The idea has especially taken hold in the Mountain states; in Colorado alone, about 60 districts are on a four-day school week this year. A 2006 Colorado Department of Education report on the four-day week said the initial reason for making the switch has generally been financial.
In Oregon's Corbett School District, which moved to the four-day week more than a decade ago, Superintendent Bob Dunton said the schedule had become "business as usual," popular among parents and students alike.
"It has been a really great experience for the kids," said Michelle Rolens, who has two sons at Corbett Elementary. "Even though they go longer days for four days, they love having that extra day off. It's a great opportunity that they can get their homework done but still have the whole weekend that we can do things as a family."
Rolens said kindergartners get a rest time to make it through the longer day, and her sons get an extra recess.
"I would say that they are not as restless by the end of the week," she said.
These days, rural districts aren't the only one considering the switch.
In South Florida, the Broward County school district, just north of Miami, is considering the four-day week for its high schools. Broward, the sixth-largest school district in the nation, spends a whopping $63 million on electricity every year, Superintendent James Notter said.
With Florida schools expecting another round of budget cuts, Notter estimates a four-day week could save the district 10 to 15 percent in utilities.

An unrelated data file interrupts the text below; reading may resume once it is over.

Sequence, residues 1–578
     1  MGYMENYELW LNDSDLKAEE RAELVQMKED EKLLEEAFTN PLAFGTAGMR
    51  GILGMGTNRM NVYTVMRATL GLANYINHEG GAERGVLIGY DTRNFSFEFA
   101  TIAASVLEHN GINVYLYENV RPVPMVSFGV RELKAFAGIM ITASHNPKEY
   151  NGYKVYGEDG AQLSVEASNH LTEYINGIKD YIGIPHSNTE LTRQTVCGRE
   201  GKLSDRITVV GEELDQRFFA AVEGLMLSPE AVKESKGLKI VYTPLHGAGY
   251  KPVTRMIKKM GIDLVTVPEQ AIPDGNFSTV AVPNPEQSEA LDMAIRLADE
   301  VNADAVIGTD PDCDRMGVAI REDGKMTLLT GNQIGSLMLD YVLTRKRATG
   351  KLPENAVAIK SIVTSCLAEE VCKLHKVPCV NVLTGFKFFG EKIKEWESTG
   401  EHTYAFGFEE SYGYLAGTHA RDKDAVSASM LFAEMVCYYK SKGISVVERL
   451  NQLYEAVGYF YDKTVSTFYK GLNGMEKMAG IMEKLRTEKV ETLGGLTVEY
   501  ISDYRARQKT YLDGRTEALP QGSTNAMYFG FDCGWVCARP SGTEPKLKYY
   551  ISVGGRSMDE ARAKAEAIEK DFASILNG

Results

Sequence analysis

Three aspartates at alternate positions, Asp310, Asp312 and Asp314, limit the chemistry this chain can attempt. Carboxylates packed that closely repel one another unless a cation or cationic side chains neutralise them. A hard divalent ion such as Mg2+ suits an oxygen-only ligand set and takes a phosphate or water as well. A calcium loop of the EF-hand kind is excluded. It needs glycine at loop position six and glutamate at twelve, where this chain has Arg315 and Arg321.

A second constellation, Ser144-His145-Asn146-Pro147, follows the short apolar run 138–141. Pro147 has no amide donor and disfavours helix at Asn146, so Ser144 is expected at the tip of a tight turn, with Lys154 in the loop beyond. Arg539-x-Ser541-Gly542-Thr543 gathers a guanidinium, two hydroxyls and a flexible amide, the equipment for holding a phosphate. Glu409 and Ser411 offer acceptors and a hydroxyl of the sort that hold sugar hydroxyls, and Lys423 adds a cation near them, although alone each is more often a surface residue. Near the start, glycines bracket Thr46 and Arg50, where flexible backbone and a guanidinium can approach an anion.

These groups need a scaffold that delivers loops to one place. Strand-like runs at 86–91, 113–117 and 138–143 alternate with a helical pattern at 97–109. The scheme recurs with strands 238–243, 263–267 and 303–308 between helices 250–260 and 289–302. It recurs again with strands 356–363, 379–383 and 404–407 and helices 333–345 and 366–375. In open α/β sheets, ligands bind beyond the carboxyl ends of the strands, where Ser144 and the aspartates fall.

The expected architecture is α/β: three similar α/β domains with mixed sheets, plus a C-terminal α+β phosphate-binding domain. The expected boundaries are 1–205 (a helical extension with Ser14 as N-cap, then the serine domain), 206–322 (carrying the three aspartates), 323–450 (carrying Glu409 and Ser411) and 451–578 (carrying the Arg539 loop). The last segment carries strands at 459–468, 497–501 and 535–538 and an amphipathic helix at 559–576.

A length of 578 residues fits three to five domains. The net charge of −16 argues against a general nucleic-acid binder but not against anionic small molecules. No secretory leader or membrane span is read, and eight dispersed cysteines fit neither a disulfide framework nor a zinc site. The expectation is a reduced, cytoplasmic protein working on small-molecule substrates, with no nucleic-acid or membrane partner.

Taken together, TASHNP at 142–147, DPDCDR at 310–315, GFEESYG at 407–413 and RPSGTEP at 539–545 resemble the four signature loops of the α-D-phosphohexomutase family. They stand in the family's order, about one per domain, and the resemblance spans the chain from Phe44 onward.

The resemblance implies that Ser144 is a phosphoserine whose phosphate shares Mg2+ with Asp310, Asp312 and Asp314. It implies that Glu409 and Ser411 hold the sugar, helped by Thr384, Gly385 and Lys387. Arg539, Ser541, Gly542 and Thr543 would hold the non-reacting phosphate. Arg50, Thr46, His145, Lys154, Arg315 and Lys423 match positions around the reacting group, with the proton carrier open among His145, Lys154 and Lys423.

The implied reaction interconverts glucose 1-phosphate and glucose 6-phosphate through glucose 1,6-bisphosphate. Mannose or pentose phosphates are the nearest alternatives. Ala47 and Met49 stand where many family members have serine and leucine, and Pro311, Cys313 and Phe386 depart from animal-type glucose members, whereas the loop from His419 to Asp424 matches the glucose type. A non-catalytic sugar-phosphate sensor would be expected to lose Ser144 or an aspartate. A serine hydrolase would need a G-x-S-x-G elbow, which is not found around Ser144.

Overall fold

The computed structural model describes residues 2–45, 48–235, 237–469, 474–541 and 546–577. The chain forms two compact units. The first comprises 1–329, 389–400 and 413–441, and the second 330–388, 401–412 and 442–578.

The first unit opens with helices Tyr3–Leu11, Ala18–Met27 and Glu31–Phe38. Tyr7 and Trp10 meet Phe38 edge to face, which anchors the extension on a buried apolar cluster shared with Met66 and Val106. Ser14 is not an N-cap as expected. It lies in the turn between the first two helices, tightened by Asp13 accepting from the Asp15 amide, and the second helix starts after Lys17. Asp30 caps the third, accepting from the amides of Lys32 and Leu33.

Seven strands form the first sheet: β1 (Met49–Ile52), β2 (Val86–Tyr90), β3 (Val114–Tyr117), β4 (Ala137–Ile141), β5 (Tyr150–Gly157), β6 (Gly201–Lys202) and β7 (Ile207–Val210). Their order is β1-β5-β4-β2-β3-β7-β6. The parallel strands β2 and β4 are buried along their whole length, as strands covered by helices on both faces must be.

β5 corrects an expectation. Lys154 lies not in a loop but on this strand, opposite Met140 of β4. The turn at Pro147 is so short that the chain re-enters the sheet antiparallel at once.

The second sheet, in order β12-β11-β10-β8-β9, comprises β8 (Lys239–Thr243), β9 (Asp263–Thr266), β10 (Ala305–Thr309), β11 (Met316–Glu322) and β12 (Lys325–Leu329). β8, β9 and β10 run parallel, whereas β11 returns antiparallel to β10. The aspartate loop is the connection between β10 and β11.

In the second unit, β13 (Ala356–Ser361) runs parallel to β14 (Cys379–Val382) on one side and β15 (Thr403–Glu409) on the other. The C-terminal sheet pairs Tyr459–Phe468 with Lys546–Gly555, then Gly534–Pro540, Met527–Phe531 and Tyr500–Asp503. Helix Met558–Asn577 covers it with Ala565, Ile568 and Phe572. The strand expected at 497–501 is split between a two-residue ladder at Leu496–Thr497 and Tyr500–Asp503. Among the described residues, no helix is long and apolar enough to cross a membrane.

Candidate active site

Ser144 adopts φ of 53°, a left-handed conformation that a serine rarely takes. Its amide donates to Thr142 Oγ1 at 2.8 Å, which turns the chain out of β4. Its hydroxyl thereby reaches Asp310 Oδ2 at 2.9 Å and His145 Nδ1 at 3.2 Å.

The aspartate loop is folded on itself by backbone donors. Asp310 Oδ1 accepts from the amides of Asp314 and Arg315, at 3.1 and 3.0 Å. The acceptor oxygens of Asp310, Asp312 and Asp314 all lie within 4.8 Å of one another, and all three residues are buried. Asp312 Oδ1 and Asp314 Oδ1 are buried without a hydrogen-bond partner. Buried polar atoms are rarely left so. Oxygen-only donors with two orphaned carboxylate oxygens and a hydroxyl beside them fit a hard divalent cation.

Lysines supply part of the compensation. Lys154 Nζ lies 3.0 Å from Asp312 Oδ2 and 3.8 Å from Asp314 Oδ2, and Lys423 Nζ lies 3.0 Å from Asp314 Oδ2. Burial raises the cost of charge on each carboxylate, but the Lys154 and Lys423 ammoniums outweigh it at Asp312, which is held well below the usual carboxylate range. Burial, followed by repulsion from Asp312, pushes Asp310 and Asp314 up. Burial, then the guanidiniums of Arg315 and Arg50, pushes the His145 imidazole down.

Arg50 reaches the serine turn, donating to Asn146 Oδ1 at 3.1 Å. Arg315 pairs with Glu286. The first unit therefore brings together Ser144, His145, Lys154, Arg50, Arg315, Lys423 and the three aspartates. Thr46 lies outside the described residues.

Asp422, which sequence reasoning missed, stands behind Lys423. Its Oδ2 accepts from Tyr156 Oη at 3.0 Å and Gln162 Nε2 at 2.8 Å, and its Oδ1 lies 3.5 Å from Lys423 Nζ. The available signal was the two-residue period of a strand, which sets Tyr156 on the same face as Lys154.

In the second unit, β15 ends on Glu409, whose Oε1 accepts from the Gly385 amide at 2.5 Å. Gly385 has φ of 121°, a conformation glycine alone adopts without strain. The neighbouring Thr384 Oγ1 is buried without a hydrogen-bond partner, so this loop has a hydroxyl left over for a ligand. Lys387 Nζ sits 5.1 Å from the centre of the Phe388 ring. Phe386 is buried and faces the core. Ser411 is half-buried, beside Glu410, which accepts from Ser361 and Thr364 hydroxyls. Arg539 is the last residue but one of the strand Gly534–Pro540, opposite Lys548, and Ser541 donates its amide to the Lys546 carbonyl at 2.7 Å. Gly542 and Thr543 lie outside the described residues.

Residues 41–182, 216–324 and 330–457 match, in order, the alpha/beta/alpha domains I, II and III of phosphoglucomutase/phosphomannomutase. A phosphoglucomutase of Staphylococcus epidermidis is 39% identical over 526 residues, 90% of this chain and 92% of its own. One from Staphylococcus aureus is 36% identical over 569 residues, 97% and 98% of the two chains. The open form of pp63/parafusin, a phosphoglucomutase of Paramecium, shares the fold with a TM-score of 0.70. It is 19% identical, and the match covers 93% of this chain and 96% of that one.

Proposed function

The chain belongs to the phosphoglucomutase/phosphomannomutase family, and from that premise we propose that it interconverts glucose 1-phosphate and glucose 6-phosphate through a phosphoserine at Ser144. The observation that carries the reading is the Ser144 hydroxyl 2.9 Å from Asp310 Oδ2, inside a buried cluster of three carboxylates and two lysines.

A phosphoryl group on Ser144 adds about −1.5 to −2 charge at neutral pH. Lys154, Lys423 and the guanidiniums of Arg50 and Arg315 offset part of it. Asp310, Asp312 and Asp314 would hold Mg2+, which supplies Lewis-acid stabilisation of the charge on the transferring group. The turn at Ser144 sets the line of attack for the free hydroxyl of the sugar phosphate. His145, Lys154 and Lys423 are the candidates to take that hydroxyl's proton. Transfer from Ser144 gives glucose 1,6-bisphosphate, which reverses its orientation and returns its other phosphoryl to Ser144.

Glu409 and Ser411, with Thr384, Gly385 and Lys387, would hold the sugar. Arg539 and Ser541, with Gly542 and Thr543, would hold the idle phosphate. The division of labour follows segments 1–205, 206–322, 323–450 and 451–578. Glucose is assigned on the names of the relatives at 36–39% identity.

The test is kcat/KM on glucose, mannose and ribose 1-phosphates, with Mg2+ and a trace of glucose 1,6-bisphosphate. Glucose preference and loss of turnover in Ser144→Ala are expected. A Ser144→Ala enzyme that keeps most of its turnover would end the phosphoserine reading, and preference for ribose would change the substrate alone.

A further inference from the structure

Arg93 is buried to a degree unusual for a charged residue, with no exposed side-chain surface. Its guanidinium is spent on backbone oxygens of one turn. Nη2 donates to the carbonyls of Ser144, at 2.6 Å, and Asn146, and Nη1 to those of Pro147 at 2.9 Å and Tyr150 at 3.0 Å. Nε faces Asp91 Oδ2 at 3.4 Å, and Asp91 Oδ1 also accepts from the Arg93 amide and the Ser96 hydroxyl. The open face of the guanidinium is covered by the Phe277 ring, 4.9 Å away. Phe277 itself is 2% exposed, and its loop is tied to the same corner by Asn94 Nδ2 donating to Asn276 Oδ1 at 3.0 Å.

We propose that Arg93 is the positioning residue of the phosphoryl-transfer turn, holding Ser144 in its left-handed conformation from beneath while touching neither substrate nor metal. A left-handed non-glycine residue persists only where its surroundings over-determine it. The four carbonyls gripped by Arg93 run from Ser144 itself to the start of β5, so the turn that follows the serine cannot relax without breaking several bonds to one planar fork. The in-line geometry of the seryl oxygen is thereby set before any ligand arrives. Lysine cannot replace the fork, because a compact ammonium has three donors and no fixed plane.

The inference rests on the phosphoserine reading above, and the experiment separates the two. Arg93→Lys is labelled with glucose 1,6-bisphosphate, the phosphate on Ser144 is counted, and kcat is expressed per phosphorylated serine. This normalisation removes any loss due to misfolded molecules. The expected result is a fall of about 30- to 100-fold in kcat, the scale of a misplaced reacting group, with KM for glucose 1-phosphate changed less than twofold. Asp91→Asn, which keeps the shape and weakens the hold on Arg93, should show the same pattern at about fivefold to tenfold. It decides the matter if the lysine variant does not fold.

Not all parents like the idea, though.
"My concern is that this is going to put, particularly in an economic downturn, an undue burden on parents scrambling for childcare or having to pay additional childcare," said Jeanne Jusevic, president of the Monarch High School PTA.
Others worry whether the high school students will use their free day wisely.
"That's the age kids are getting in trouble," said Ivonne Foulon, whose 16-year-old daughter is sophomore at West Broward High School.
Christine Gales, a Flanagan High senior, said she'd use the extra day to relax, but still prefers having a five-day week: "I'd probably lose interest since I'll be here longer and, like, I'll stop paying attention."
Florida state Sen. Evelyn Lynn who introduced the bill that would grant schools flexibility in determining the number of days they hold class, said the current economy demands creative solutions.
"I don't think we've ever had such a tight and challenging economy in the state of Florida," said Lynn, a Republican.
But the bill faces an uphill battle. Education Commissioner Eric Smith said he favors a five-day week and the Florida Education Association, the state teachers union, is skeptical of the change.
"This is just another shortcut that is being explored instead of properly financing schools," said spokesman Mark Pudlow, who questioned the impact of a four-day week on learning.
Officials in districts that have four-day school weeks caution that it falls short of being a magic bullet for school budgets. Dunton, of the Oregon district, said that while there have been many benefits, financial savings haven't panned out like one might expect. For example, he said, even though a school may be without students, utilities must be kept on because it's still a gathering place for the community and athletic competitions.
"I hope people don't bank on it too much," he said.